CHIA Director Candidate Monica Thurston

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Volunteer

Monica Thurston

MBA, RHIA
(SCHIA)



Relevant Health Information Professional Positions

  • Department Chair, Allied Health Department; East Los Angeles College, August 2016 - Current
  • HIT Program Director; East Los Angeles College; August 2013 - Current
  • Project Manager; Caban Resources; May 2012 - Current

Academic and Professional Degrees or Training Received

  • Doctoral of Education Candidate; Adult Education; Walden University; 2020
  • Master’s Degree; Business Administration; American InterContinental University; 2015
  • Bachelor’s Degree; Health Information Management; Norfolk State University; 1993

Association Board Activities

  • CLA; Past President; 2018-2019
  • CLA ; President; 2017-2018
  • CLA; President-Elect; 2016-2017
  • CLA; Past President; 2016-2017
  • CLA; President; 2015-2016
  • CLA; President-Elect; 2014-2015

Association Committee/Task Force Activities

  • Academic

Five Adjectives That Describe Personality and Leadership Style

Committed, Productive, Diligent, Caring, Professional

Position Statement

The Director candidates were asked to respond to the following question: As a CHIA Director you will help oversee and guide the Association. How can CHIA best pursue its mission via an “innovative approach” to develop health information professionals and advocate for practice excellence?

The mission of CHIA is “develop health information professionals and advocate for practice excellence.” I have demonstrated experience in instituting program innovations that result in developing health information professionals. I am the Department Chair of the Allied Health Department and Program Director of the HIT Program at East Los Angeles College (ELAC). I sought and secured over $1.1 million dollars in grant funding to create the only Registered HIT Apprenticeship Program in California and have recently been awarded additional funding for a Medical Assistant Apprenticeship. The Registered HIT Apprenticeship has supported the development of health information professionals by providing free tuition and fees, books and registration fee for the RHIT exam. As a CHIA Director, my experience and viewpoint can guide CHIA in an “innovative approach” to pursue its mission.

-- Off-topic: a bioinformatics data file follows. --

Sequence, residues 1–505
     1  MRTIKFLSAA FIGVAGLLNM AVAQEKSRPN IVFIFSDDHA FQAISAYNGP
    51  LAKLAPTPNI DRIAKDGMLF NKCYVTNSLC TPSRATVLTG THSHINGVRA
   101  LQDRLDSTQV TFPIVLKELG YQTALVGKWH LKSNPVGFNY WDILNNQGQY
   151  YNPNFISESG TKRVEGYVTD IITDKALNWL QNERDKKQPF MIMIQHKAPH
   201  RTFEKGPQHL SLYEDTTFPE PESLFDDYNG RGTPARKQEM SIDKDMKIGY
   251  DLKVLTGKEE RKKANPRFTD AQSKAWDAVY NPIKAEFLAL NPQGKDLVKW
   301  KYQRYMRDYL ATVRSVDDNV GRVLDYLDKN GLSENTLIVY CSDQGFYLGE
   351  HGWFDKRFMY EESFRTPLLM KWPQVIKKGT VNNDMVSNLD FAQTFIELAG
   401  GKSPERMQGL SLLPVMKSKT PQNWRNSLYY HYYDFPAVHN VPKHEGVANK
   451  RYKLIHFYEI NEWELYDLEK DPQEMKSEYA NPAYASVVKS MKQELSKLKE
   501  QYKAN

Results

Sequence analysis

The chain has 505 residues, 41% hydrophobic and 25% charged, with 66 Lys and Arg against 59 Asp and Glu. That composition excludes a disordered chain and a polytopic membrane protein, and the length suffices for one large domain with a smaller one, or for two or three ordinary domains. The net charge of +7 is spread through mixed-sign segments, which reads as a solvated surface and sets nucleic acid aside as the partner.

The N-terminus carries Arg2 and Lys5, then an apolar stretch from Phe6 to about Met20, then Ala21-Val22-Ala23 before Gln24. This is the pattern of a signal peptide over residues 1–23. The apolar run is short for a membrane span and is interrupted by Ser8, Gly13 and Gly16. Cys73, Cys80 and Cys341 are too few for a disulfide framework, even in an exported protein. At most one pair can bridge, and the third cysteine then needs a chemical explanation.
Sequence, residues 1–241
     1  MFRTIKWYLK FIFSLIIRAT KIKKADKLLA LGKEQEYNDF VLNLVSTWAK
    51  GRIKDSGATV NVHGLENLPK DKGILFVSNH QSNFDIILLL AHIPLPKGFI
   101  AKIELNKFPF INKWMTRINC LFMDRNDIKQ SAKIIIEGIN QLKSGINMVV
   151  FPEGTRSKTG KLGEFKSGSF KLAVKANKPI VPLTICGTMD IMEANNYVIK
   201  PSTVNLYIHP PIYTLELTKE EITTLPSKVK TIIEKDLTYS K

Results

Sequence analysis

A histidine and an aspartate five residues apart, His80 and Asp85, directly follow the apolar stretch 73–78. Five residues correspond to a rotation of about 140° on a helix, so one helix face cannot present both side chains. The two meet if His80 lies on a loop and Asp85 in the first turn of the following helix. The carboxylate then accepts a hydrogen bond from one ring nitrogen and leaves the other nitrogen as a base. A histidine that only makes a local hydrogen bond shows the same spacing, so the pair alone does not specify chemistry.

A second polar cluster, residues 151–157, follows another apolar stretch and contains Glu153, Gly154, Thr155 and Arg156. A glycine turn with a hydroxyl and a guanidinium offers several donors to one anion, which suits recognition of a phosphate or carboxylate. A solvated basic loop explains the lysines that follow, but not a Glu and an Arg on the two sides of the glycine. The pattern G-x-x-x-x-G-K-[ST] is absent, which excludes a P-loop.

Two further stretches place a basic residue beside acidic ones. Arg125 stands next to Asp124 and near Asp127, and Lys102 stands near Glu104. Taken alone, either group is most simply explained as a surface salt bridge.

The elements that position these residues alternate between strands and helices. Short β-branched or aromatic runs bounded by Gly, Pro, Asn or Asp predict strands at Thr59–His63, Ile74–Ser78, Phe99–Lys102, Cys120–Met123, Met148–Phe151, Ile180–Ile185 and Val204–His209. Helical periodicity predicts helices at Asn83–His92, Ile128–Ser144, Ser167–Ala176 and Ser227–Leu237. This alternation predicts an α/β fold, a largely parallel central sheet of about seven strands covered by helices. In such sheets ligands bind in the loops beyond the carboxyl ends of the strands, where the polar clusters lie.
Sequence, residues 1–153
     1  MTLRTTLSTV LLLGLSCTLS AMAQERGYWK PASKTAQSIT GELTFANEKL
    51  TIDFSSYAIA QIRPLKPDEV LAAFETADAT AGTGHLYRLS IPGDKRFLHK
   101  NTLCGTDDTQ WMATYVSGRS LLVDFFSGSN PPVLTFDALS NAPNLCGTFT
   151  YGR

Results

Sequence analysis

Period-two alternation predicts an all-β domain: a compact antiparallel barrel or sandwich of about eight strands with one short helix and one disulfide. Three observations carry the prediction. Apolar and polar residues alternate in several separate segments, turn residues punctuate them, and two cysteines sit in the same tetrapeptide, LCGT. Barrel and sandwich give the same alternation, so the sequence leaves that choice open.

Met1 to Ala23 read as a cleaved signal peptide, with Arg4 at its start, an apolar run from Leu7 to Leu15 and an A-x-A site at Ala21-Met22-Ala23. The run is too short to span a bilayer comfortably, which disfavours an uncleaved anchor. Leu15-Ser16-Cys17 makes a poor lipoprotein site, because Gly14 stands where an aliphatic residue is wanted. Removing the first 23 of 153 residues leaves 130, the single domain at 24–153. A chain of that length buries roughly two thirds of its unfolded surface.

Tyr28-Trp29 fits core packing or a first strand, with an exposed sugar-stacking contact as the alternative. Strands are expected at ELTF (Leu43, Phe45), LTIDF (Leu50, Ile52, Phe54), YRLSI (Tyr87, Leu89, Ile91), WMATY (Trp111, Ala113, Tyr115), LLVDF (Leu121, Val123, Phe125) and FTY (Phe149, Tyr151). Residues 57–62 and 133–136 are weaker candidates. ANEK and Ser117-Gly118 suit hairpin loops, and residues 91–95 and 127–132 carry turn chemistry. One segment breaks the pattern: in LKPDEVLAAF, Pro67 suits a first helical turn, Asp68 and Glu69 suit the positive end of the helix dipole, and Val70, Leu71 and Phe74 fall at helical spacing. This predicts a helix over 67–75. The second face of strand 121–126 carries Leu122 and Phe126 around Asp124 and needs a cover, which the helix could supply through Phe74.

As an educator, it has always been my passion to help students become the best health information professional they can be. Once a student decides to enroll at ELAC and the HIT program, my primary focus and commitment has been on ensuring student success. CHIA can be innovating in developing health information professionals by offering free webinars and workshops to all students enrolled in a California HIT or HIM program. By providing free seminars to students, CHIA would demonstrate its willingness and commitment to invest money and time to support students and their mission. The show of good faith by offering these resources and using CHIA funding in this manner would promote loyalty and positive relationships, thereby encouraging students to become lifelong members of AHIMA and CHIA. Students will have a sense of belonging and support from their professional organization, which
will carry over into their professional life. Providing free seminars also addresses important inequity issues that many of our students face while attending a college or university.

Another way that CHIA can pursue its mission via an “innovative approach” is to advocate for practice excellence by offering its active members a set number of free seminars each year. Members will realize the benefit of belonging to a well-respected organization where they can learn best practices from other CHIA HIM professionals. This practice will encourage HIM professionals to attend more CHIA events, rather than attend events offered by other organizations. This innovative practice will demonstrate to members that CHIA is committed to them and is willing to invest in their continuous life-long learning process. This investment will see its rewards in more significant commitment, loyalty, and support to by the members it serves.

As a member of AHIMA and CHIA, I know we, as health information professionals, will always have to be life-long learners. It is CHIA’s responsibility to determine how we are going to continually educate our members, so our members can provide excellent performance in the workplace.

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